I’ve been “body rocking” all my life. I have bad social skills, I’m a visual person, and I do really well in math and music. I’m still not exactly sure what it is, but I was just curious. It seems like the more I read about it, the more I understand and relate to it…

admin answers:

Body rocking is ‘stimming’ or ‘self stimulation’ and extremely common
Autism is a syndrome,
It is the neurodevelopment from a central nervous system impairment.
Autism is just one of five all grouped under “pervasive developmental disorders” While childhood disintegrative and Rett syndrome are slightly different. Both asperger syndrome and pervasive developmental disorder not otherwise specified (PDD-NOS) are with and without delayed speech/skills considered ‘mildly autistic’ and ‘atypical autism’. They mirror each other by 99.93% with all the symptoms of classic autism. Autism or kanners autism is a vast spectrum in itself with severity ranging far enough for subtypes from non-verbal to high functioning Diagnosis is first marked by delayed development of speech and motor skills/controls at infancy and early childhood.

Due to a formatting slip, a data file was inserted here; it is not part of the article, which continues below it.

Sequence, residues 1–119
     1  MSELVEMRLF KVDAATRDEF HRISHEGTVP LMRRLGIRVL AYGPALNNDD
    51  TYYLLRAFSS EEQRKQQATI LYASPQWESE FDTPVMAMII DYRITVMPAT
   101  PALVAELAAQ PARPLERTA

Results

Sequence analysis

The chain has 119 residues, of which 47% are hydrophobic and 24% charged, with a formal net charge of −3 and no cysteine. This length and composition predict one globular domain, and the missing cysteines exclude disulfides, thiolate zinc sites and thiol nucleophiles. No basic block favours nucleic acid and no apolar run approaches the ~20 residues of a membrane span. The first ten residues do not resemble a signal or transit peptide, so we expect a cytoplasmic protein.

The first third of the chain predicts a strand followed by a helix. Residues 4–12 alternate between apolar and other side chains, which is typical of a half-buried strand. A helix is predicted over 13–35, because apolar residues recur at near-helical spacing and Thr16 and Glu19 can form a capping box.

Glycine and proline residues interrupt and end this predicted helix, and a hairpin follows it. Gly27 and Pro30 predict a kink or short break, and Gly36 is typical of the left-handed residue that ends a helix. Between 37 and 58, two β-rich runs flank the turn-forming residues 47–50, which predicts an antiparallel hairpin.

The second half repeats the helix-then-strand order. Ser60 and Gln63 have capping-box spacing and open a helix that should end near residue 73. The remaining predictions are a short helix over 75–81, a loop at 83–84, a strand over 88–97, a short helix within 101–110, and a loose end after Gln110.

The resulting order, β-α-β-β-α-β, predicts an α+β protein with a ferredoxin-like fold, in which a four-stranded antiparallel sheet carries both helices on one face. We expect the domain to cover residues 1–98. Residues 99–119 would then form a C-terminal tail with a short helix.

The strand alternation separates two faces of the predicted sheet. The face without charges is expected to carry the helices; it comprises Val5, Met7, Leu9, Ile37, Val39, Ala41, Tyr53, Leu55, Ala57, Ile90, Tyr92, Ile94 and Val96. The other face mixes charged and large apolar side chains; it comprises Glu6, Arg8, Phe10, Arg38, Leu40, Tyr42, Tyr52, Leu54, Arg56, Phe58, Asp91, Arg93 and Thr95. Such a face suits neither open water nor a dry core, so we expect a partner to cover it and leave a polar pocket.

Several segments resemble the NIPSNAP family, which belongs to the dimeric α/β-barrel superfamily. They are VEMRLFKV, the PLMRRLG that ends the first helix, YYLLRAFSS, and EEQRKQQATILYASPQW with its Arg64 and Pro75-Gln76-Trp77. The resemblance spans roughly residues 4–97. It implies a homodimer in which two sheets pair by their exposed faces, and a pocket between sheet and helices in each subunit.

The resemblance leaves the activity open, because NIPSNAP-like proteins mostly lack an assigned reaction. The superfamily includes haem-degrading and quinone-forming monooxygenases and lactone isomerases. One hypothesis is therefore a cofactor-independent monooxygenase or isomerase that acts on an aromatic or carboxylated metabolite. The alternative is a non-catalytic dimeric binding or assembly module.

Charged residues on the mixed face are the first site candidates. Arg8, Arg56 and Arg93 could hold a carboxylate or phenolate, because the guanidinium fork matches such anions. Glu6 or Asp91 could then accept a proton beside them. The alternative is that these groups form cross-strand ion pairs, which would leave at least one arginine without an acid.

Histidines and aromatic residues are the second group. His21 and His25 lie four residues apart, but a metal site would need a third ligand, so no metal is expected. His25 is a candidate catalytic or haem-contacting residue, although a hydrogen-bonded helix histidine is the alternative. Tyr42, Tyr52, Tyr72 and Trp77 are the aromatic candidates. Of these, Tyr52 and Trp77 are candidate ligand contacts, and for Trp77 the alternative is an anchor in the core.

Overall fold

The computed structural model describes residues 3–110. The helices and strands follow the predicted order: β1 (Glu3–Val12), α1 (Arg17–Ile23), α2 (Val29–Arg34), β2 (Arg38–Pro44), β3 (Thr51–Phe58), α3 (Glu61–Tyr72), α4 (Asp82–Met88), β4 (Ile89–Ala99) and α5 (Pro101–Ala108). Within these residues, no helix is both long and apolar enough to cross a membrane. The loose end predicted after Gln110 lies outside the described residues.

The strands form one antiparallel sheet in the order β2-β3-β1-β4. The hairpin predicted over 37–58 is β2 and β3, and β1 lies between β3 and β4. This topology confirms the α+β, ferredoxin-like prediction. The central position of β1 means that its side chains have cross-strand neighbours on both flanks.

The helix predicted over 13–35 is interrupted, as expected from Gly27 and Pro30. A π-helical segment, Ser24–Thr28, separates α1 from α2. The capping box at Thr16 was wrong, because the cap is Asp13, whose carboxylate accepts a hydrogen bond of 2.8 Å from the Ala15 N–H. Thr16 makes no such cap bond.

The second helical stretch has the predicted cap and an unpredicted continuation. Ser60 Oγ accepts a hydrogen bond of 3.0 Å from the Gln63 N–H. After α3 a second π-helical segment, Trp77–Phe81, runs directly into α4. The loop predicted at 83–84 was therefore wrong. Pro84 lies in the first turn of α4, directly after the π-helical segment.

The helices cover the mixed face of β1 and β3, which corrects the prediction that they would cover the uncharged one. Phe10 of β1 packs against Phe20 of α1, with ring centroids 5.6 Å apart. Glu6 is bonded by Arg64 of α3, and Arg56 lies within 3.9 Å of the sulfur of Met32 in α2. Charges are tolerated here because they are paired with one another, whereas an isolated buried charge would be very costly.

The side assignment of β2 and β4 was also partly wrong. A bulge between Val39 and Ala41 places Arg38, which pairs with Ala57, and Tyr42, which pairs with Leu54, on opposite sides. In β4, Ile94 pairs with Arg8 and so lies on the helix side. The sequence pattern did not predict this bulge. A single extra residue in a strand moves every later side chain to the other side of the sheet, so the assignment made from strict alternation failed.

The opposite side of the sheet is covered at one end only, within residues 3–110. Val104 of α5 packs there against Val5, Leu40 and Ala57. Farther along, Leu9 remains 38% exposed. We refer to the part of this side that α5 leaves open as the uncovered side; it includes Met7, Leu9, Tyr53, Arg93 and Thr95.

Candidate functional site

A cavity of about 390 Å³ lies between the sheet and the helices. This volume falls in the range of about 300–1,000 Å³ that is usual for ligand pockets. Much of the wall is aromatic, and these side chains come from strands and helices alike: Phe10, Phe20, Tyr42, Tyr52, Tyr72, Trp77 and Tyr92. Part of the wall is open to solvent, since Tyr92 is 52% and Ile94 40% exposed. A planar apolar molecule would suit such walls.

So autism no, aspergers maybe. But…..
Autism and other syndromes, disorders share same symptoms, such as
Sensory processing disorder
Executive dysfunction
Non-Verbal Learning Disability
Hypokalemic periodic paralysis
Thats just some, schizoid, emotional dysfunction, etc
Do you have any of those?

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A Message For Parents: You Have the Power